“You are ruining the entire family’s reputation,” her mother’s voice rose once more. Before Bellinda could reply, she turned to her father. “I told you we should have ensured that she wed years ago. We should never have allowed this charade to go on. No other lady of the ton has as much freedom to choose a husband as she. And she does not appreciate it. Not a bit.”
“Charade?” Bellinda could not believe her ears. “My desire to wed a man I love is a charade to you?”
“It is simply not how things work. You have been spoiled, ever since you were a child. You could have had your choice of lords.” Her mother shook her head. “What a mess you have made of everything, Bellinda. Such a disgrace.”
With that, her mother shook her head and went toward the door. She stopped and turned, facing her husband. “I trust you will put an end to this. Now, I have packing to do.”
The door closed behind her and Bellinda immediately turned to her father, dropping her voice several octaves to sound as young and innocent as possible. This strategy generally worked well with her father, for it reminded him of when she was but a young girl. From a young age, Bellinda had been used to getting whatever she wanted from her father, and she banked on that happening again today.
“Please, Father. Let me have one more Season. Just one. If I do not find a suitable match by the end of the Season, I will travel to Northumberland and court Octavius, I promise you. Just one more Season.”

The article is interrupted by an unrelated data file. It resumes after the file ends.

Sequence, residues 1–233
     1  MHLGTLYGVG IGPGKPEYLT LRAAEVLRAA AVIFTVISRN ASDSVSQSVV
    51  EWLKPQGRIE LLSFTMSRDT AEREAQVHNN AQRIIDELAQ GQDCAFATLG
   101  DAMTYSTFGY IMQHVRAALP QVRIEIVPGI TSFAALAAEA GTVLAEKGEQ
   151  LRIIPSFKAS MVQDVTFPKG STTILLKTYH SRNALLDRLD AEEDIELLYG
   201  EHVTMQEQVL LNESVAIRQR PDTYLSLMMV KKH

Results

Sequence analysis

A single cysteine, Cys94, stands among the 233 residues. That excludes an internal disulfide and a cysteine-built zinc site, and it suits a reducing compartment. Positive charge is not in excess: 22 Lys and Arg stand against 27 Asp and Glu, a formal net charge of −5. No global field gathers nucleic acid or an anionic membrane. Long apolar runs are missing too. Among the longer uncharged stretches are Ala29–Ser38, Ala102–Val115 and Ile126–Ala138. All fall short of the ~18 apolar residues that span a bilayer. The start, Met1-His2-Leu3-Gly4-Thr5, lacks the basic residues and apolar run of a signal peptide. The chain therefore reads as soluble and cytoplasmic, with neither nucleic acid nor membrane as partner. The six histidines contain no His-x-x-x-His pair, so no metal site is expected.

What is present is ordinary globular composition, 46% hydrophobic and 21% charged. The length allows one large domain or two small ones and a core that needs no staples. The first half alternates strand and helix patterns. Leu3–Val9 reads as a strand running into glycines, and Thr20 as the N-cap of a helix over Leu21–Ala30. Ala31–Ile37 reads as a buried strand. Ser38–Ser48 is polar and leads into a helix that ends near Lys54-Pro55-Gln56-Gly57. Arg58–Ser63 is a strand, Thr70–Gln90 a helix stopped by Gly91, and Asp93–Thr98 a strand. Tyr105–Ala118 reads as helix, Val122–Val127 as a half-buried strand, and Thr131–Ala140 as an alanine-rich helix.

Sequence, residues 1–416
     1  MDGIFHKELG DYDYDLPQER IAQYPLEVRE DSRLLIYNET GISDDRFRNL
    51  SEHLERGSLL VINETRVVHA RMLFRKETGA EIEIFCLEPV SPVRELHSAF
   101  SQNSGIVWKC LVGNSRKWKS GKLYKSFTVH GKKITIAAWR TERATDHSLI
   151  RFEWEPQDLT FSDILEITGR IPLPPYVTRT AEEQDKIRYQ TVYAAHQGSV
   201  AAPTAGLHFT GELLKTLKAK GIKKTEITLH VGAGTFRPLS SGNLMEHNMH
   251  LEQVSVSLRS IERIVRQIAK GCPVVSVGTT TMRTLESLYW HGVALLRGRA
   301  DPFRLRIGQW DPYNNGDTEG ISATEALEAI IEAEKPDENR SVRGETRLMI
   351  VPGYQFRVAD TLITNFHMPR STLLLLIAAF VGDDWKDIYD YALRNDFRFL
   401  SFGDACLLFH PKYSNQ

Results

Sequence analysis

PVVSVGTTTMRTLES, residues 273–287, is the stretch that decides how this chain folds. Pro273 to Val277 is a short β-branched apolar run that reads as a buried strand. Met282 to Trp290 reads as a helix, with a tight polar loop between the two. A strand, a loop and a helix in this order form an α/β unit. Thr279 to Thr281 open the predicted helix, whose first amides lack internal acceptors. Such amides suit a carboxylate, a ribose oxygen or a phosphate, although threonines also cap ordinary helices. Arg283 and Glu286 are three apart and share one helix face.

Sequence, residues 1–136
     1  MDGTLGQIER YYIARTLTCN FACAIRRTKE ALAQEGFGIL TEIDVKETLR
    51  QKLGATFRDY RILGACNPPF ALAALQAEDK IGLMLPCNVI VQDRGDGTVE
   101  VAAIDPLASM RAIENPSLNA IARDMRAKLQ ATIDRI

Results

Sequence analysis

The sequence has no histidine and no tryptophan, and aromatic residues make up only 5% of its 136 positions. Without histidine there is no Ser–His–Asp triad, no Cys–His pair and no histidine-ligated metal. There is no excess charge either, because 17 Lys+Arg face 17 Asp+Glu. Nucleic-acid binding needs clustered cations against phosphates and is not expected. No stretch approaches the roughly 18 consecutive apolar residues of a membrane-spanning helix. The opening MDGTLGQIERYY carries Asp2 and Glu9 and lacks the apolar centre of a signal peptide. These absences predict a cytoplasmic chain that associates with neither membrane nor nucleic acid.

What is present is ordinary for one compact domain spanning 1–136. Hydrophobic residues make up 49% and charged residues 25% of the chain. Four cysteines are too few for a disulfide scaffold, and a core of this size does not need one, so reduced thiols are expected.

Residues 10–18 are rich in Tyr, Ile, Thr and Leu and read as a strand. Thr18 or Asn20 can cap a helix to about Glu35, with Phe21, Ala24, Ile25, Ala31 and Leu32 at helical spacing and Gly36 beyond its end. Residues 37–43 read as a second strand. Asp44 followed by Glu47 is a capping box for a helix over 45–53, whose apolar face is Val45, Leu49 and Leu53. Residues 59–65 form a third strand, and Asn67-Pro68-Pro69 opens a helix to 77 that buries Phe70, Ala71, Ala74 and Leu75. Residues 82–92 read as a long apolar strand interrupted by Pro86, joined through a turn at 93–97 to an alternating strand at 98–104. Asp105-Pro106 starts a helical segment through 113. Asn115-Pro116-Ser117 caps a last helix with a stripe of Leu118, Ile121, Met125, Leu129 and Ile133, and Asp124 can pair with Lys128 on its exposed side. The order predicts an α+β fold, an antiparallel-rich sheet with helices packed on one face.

To her utter shock, her father shook his head, his expression hardening. “No, Bellinda. You mother is quite right. There are no more chances here for you. You’ve ruined your reputation and I’ve allowed it to happen. You will travel with your mother and court Octavius.” He stopped and then added, “If this courtship also fails, there will be nothing left for you but to move to Brighton. Your aunt Margaret has agreed to take you on as governess to Henry and Elizabeth.”
“Horse feathers!” Bellinda exclaimed. “Me? A governess? Never. And to those devil children. I’d rather go to a convent!”
Her father balled his hands into fists. “I will hear no more of this. It is either wed Octavius or become a governess. Those are your choices. And that is it. Now, as your mother said, there is packing to do, for by week’s end you will be in London no longer. Where you go is up to you.”
Her father pointed at the door, his lips pressed together into a thin line. Her nostrils flared at the injustice of it all. Exhaling dramatically, Bellinda turned and stomped out of the door, making sure to slam it as she left.